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Jim Bouton Biography, Age, Height, Family, Net Worth, Career, YouTube and Education

Jim Bouton ( born James Alan Bouton) is an American retired professional baseball player. Bouton played in Major League Baseball (MLB) as a pitcher for the New York Yankees, Seattle Pilots, Houston

 

Jim Bouton Biography

Jim Bouton ( born James Alan Bouton) is an American retired professional baseball player. Bouton played in Major League Baseball (MLB) as a pitcher for the New York Yankees, Seattle Pilots, Houston Astros, and Atlanta Braves between 1962 and 1978. He has also been a best-selling author, actor, activist, sportscaster and one of the creators of Big League Chew. Bouton played college baseball at Western Michigan University, before signing his first professional contract with the Yankees. He was a member of the 1962 World Series champions, appeared in the 1963 MLB All-Star Game, and won both of his starts in the 1964 World Series. Later in his career, he developed and threw a knuckleball. Bouton authored the baseball book Ball Four, which was a combination diary of his 1969 season and memoir of his years with the Yankees, Pilots, and Astros.

Jim Bouton Age

Jim Bouton an American retired professional baseball player was born on March 8, 1939, in  Newark, NJ. He is 81 years old as of 2019.

Jim Bouton Height

Have you been wondering how tall is the American retired professional baseball player, well, I guess you are at the right place. According to our research, he has a standing height of 6 feet 0 inches tall.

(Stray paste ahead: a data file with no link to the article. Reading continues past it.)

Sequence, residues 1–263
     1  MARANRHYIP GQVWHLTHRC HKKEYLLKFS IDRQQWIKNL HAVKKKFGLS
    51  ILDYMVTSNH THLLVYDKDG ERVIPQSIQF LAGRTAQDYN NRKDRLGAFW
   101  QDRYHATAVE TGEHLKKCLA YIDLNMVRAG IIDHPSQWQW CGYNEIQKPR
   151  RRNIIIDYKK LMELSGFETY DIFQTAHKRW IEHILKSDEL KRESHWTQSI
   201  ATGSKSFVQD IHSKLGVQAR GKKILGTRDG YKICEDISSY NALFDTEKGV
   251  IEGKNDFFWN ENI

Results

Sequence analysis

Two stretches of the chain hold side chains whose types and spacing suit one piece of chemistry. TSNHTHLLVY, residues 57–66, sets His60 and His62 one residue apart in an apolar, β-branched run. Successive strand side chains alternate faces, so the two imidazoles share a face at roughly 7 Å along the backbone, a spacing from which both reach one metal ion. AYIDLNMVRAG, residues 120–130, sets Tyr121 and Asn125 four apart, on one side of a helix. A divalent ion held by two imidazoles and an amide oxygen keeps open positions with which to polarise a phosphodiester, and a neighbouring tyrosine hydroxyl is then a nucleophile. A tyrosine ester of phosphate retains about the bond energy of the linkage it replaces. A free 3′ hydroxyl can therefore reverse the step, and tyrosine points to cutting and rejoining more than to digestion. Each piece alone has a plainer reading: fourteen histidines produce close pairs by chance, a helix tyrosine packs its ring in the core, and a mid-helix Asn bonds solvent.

Jim Bouton Family

He was born in Newark, New Jersey. He grew up as a fan of the New York Giants in Rochelle Park, New Jersey, where he lived until the age of 13. He lived with his family in Ridgewood, New Jersey until he was 15 when his family relocated to Chicago Heights, Illinois. Bouton enrolled at Bloom High School, where he played for the school’s baseball team. Bouton was nicknamed “Warm-Up Bouton” because he never got to play in a game, serving much of his time as a benchwarmer. Bloom’s star pitcher at that time was Jerry Colangelo, who later would become the owner of the Arizona Diamondbacks and Phoenix Suns. In summer leagues, Bouton did not throw particularly hard, but he got batters out by mixing conventional pitches with the knuckleball that he had experimented with since childhood.

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Jim Bouton Wife

Bouton and his first wife Bobbie had two children together, Michael and Laurie, and adopted a Korean orphan, Kyong Jo. Kyong Jo later changed his name to David. Bobbie and Bouton divorced in 1981. In 1983, Bouton’s ex-wife teamed up with Nancy Marshall, the former wife of pitcher Mike Marshall, to write a tell-all book called Home Games. In response to the book’s publication, Bouton commented:

We all have the right to write about our lives, and she does, too. If the book is insightful, if it helps people, I may be applauding it.